Can Iraq and Syria be fixed when the fighting stops?
CIA director John Brennan was not being overly dramatic when he expressed doubts last week about whether Syria and Iraq “can be put back together again” after “so much bloodletting” and “destruction”.
This is not just about territorial integrity, but also governance. “I question whether we’ll see, in my lifetime, the creation of a central government in both of those countries that’s going to have the ability to govern fairly,” he added.
Neither Syria nor Iraq can be described today as unitary states, and their current borders are artificial products of colonial tampering by France and Britain. Large chunks of both countries, including strategically important territories, still make up the so-called “caliphate” of ISIL, despite it steadily losing ground to air and ground forces in both countries.
Iraqi Kurds have cultivated their autonomy since the 1991 Gulf war. In February, their president, Masoud Barzani, repeated a call for a referendum on independence that he initially made in July 2014. “It’s the right of Kurdistan to achieve independence,” he said at the time. “From now on, we won’t hide that that’s our goal. Iraq is effectively partitioned now.”
Mr Barzani may be counting on divisions among Iraqi Kurdistan’s neighbours, as well as the fight against ISIL, muting the backlash against a referendum. He may also be hoping that the region has come to accept a fait accompli, given that Iraqi Kurds have enjoyed autonomy for a quarter of a century.
Syrian Kurds in the oil-rich north-east have had de facto autonomy since the early days of the revolution against Bashar Al Assad. They declared autonomy in November 2013, and again in January 2014.
Governments supporting Kurdish forces, particularly against ISIL, insist on the territorial integrity of Syria and Iraq. However, that very support is emboldening separatist sentiments and actions among Kurds in both countries, who have expanded into hotly disputed territories and those beyond their traditional heartlands (though Turkey’s current intervention in northern Syria is rolling back some of those gains).
Iraq’s Kurds postponed their independence referendum in 2014 due to the war on ISIL. However, as the latter’s territory steadily shrinks, they may well resurrect plans to hold the referendum, which would overwhelmingly support independence. It would be a major domestic gamble for Mr Barzani to repeatedly insist on the right to independence while indefinitely postponing a vote on it.
Syria exists as a country in name only, its territory carved up between the regime, ISIL, the Kurds and various rebel groups (not to mention Israel’s occupation and annexation of the Golan Heights, which Benjamin Netanyahu has vowed never to return).
Given Mr Al Assad’s acknowledgement of manpower shortages in his army, and its increasing reliance on foreign forces and militias, even the territory under his control can be considered something of a patchwork.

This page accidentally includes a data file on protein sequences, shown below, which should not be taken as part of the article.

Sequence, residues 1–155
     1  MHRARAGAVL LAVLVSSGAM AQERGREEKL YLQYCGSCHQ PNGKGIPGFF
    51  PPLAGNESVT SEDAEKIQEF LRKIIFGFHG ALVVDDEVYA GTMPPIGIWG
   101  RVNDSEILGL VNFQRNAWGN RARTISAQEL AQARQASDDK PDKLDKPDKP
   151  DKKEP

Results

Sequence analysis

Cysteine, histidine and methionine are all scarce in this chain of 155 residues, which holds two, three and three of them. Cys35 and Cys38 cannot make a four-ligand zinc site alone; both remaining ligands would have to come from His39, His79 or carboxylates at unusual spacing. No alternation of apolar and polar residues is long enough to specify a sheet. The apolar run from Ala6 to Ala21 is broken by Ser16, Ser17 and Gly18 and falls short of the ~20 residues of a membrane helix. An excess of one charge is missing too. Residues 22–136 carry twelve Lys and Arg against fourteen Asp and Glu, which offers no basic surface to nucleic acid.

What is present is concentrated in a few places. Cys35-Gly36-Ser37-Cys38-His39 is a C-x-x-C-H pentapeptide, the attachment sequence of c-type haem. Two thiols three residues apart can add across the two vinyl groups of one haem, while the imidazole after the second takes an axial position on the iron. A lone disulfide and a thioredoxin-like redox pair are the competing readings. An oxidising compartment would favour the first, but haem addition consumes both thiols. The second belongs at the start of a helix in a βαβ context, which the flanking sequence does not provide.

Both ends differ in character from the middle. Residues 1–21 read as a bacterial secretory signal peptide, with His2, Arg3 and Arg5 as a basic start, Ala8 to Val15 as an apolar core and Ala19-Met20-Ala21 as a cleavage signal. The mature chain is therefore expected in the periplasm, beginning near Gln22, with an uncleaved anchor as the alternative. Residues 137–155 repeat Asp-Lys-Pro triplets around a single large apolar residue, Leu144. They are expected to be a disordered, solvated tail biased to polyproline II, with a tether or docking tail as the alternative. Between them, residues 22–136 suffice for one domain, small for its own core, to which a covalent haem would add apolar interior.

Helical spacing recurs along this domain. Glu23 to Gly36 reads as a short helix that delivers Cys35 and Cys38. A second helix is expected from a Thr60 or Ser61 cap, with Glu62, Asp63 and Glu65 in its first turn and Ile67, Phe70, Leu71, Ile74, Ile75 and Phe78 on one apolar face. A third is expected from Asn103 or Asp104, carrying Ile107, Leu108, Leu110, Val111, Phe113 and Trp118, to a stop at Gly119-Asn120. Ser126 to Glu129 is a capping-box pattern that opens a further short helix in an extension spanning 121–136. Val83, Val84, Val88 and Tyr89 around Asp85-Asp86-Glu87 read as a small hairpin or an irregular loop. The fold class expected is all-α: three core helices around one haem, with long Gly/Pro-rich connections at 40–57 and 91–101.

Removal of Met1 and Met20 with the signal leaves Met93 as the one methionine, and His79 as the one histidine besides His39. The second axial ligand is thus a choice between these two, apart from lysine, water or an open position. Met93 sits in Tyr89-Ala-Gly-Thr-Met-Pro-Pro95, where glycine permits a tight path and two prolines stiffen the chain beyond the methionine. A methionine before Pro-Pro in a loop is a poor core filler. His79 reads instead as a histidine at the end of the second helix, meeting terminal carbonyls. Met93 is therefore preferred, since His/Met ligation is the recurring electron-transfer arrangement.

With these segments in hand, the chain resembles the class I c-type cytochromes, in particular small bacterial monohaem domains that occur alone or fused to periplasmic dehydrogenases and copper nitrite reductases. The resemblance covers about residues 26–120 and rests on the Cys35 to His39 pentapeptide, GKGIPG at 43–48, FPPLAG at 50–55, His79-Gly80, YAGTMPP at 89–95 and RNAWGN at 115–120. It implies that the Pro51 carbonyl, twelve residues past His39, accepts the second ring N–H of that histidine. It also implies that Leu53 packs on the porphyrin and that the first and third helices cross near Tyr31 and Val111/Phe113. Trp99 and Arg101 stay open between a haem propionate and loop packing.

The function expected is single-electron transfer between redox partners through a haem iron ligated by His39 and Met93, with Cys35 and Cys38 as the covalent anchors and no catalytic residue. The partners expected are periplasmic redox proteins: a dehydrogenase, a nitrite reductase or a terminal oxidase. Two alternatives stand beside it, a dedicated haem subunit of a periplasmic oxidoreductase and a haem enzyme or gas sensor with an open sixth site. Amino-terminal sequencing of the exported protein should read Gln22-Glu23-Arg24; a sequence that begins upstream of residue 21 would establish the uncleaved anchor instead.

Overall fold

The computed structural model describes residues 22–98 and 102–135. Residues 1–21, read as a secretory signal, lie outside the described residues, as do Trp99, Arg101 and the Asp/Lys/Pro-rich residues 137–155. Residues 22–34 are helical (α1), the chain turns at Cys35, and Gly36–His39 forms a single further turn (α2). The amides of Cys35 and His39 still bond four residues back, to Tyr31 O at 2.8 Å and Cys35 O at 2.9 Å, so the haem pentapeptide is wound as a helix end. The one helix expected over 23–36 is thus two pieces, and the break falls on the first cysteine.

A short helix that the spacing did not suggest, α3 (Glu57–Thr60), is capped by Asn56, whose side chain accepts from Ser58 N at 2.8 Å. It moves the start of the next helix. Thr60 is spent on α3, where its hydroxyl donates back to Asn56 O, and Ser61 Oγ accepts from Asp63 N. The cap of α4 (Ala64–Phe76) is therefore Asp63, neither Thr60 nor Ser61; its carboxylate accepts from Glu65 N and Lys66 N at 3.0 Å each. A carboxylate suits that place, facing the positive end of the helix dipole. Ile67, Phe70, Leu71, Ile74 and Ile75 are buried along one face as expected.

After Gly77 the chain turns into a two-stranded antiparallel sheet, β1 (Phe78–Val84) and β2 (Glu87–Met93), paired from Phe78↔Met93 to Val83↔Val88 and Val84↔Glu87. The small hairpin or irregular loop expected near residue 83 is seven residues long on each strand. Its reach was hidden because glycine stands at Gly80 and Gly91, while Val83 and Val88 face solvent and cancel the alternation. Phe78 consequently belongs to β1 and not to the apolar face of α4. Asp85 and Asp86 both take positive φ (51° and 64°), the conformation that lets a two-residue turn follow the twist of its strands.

The regime has shown itself unable to capture territory or keep hold of it without the help of foreign forces and militias. This highlights the fact that its recent battlefield gains – which are relatively modest considering the extent of Russian air power and reinforced Shiite ground forces – are somewhat transient and illusory.
As such, Mr Al Assad’s vows to retake the whole country, when he currently controls less than half of it, are laughable. It would require a full-fledged, long-term military occupation by his foreign allies – something they are as unlikely to accept as they are to achieve – and this would be fiercely resisted by his domestic and regional opponents.
There is no prospect of outright military victory by any of the warring sides. Nor is there hope for a negotiated solution, since the regime insists that Mr Al Assad’s position is not up for discussion.
Thus Syria will continue to be divided for the foreseeable future, not just geographically but also demographically. Continued population displacement and transfer have created distinct areas of sectarian and ethnic homogeneity, as happened in Iraq during and since its civil war following the US invasion. The longer that goes on, the harder it will be to undo.
The increasing influence of local sectarian militias in both Syria and Iraq poses serious long-term threats to the viability of both countries, as they behave as a law unto themselves and act with impunity (there is the added problem of some maintaining varying degrees of loyalty or affiliation to a foreign country, Iran).
As their role and power have increased, so too have their demands and expectations vis-à-vis increasingly dependent central authorities. Damascus and Baghdad have unleashed genies that will not easily be put back in their bottles.
Furthermore, widespread abuses by these Shiite militias have heightened alienation and anger from mainly Sunni communities (a majority in Syria and a sizeable minority in Iraq). This will fuel further conflict, heighten separatist sentiment, and nurture jihadist groups such as ISIL and Al Qaeda. In short, both countries are increasingly resembling Libya, which has a nominal government but is effectively ruled by myriad militias.
However, lawlessness in Libya has led to amnesia and whitewashing over the brutal and dictatorial rule of Muammar Qaddafi. Similarly, if militias are a major problem in Syria and Iraq, so too are the governments in Damascus and Baghdad. Both have appalling human rights records, both are sectarian and both are authoritarian (that Iraq’s governments are elected does not make them less so).
As long as Syrians and Iraqis are forced to live under such flawed, corrupt, repressive and unrepresentative systems of governance, neither country will have peace, stability or even a viable future as the states we recognise today.
Sharif Nashashibi is a journalist and analyst on Arab affairs
Updated: September 19, 2016 04:00 AM